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EU Approves Mechanisms for Electricity Supply in Belgium, France, Germany, Greece, Italy, Poland

The European Commission said on Wednesday that the EC has approved under EU State aid rules electricity capacity mechanisms in Belgium, France, Germany, Greece, Italy, and Poland.

The Commission said in a press release that the EC found that the measures will contribute to ensuring the security of supply whilst preserving competition in the Single Market.

"Capacity mechanisms can help to safeguard the security of electricity supply, but they must be designed to avoid distortions of competition in energy markets,” Competition Policy Commissioner Margrethe Vestager said.

"I am glad that our close cooperation with national authorities has enabled us to approve well-designed capacity mechanisms in six EU countries. They will foster competition among all potential capacity providers to the benefit of consumers and our European energy market,” he added.

Capacity mechanisms have the important objective of ensuring the security of electricity supply. But if they are not well designed they may cause higher electricity prices for consumers, give undue advantages to certain energy operators or hinder electricity flows across EU borders, the Commission said, explaining this is why the EC has, in close cooperation with the relevant national authorities, assessed six mechanisms in Belgium, France, Germany, Greece, Italy, and Poland to ensure that they meet strict criteria under EU state aid rules, particularly pertaining to the Commission’s 2014 Guidelines on State Aid for Environmental Protection and Energy.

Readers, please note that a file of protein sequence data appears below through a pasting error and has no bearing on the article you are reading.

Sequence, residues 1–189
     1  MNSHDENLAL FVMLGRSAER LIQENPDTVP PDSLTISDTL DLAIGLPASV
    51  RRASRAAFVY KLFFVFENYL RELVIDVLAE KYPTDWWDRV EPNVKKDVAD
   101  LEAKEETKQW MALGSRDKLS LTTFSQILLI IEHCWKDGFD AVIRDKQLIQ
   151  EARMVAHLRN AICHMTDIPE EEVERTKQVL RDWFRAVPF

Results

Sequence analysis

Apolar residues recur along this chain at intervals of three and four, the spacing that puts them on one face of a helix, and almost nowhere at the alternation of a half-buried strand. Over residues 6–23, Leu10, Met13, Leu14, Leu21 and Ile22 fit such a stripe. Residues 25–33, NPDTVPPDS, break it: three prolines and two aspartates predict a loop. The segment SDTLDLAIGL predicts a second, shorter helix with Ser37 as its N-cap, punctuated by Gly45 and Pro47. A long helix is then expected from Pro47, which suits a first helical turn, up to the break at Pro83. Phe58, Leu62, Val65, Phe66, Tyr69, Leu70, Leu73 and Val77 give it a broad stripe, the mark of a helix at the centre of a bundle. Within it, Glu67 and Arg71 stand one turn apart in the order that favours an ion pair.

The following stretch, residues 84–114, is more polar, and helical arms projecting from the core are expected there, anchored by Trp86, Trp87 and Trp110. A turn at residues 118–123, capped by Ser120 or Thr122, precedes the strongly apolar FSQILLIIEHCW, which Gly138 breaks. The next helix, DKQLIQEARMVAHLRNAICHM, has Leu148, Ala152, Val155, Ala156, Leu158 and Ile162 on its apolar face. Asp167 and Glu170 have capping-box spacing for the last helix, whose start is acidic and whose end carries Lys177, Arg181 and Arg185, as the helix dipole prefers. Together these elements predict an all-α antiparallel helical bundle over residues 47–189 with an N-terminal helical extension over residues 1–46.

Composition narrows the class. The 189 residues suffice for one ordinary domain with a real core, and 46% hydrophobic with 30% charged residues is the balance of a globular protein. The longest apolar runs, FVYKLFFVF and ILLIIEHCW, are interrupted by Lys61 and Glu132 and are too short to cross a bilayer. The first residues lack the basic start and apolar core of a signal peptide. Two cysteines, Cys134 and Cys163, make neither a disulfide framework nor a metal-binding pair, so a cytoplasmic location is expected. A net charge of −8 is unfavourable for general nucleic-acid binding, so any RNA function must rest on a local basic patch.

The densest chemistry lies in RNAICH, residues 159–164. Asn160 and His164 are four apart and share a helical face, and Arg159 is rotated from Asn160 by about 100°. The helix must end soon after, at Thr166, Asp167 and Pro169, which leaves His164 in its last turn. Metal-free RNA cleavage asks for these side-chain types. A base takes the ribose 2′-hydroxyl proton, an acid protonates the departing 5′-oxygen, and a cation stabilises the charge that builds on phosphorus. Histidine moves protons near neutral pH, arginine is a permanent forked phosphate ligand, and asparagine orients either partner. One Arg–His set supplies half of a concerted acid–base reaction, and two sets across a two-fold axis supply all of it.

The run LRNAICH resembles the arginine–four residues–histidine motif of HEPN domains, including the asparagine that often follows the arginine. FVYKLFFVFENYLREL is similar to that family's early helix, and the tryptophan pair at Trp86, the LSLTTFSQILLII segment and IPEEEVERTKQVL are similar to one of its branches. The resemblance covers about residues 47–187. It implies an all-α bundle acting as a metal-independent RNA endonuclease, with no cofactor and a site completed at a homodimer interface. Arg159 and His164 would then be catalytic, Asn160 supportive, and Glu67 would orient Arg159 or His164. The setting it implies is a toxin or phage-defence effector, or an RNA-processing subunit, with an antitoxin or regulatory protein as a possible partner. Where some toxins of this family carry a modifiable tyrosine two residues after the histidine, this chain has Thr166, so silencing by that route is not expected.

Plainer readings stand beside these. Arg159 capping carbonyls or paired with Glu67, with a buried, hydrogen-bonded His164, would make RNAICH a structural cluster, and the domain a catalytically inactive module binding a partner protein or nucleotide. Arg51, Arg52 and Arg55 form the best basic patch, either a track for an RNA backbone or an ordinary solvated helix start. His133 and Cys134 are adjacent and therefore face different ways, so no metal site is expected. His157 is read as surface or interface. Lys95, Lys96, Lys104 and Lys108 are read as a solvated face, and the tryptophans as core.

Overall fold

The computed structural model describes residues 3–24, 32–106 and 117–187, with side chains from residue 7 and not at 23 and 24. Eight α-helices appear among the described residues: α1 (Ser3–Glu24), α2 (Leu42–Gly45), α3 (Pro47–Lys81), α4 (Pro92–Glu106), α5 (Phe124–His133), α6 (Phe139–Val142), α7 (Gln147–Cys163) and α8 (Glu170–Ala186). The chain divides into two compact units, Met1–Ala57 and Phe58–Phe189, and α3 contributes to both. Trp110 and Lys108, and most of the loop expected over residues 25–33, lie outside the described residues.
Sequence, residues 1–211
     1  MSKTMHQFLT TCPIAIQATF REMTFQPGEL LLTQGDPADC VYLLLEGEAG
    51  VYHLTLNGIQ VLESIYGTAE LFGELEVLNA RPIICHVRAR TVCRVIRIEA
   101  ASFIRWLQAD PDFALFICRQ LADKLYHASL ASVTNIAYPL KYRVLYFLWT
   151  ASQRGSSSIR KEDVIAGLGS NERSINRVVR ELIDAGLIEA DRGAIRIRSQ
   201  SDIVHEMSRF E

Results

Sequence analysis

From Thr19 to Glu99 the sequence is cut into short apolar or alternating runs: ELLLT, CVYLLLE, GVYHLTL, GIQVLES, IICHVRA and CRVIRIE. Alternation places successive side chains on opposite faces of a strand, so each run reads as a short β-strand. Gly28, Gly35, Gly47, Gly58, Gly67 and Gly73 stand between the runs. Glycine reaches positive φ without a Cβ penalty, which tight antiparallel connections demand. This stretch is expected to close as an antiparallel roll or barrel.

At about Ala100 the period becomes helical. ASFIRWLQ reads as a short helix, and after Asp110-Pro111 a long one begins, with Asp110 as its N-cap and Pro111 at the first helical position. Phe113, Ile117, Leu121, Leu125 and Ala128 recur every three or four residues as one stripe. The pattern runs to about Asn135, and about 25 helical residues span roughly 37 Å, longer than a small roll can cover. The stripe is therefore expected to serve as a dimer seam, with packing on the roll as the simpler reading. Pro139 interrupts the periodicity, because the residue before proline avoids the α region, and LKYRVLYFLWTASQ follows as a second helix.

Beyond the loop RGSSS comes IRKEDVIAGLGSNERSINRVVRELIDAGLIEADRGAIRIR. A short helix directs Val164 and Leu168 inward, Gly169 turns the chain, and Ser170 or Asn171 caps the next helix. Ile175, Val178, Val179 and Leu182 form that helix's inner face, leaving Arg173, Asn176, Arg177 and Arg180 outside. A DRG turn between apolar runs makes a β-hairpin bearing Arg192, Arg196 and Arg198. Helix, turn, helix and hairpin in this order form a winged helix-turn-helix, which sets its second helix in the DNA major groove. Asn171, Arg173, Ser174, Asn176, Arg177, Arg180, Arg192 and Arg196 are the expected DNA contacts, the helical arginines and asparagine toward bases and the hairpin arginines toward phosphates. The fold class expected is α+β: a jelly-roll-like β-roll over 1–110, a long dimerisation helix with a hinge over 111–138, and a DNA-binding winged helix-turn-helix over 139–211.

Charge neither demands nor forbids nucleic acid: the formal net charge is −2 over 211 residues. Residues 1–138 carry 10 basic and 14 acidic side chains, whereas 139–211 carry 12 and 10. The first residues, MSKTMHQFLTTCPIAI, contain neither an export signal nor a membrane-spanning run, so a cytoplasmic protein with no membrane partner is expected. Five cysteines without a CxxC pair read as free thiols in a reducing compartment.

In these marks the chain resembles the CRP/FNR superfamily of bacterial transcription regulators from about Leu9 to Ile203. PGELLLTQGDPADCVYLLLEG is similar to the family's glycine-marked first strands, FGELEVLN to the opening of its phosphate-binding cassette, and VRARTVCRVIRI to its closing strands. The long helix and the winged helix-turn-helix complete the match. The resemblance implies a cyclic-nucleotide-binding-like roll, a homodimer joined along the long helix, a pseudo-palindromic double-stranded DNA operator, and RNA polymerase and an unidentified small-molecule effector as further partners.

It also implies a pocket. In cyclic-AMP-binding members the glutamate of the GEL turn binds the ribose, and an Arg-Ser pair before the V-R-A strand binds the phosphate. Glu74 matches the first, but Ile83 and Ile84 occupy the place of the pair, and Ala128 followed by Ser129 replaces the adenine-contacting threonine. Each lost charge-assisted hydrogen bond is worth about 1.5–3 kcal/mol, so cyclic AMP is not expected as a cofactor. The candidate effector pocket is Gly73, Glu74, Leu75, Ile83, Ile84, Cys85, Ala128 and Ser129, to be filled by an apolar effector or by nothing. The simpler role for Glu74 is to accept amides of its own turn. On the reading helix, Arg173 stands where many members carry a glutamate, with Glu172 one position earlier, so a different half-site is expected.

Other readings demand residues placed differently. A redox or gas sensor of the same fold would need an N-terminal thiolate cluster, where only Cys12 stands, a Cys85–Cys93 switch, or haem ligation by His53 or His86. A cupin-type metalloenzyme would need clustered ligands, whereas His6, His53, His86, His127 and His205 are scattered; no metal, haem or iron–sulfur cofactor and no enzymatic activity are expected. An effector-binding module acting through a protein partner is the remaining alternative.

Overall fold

In this context, the Commission said the EC has also taken into account insights from its 2016 State aid sector inquiry on capacity mechanisms. The six capacity mechanisms approved today concern more than half of the EU population. They cover a range of different types of mechanism that address the specific need in each Member State.

In the cases of Belgium and Germany, the Commission has authorised the creation of strategic reserves. These reserves keep certain generation capacities outside the electricity market for only in emergency situations. In Italy and Poland, the Commission has authorised market-wide capacity mechanisms, according to the Commission. These can be necessary where electricity markets face structural security of supply problems.

The Commission has authorised capacity mechanisms for France and Germany, specifically promoting demand response. Demand response schemes pay customers to reduce their electricity consumption in hours when electricity is scarce.

The advantage of such schemes is that demand response operators may be able to react more quickly than electricity generators and are generally more environmentally friendly, the Commission said, adding that Wednesday’s decisions complement the Commission’s Energy Union Strategy to deliver secure, sustainable and competitive energy in Europe.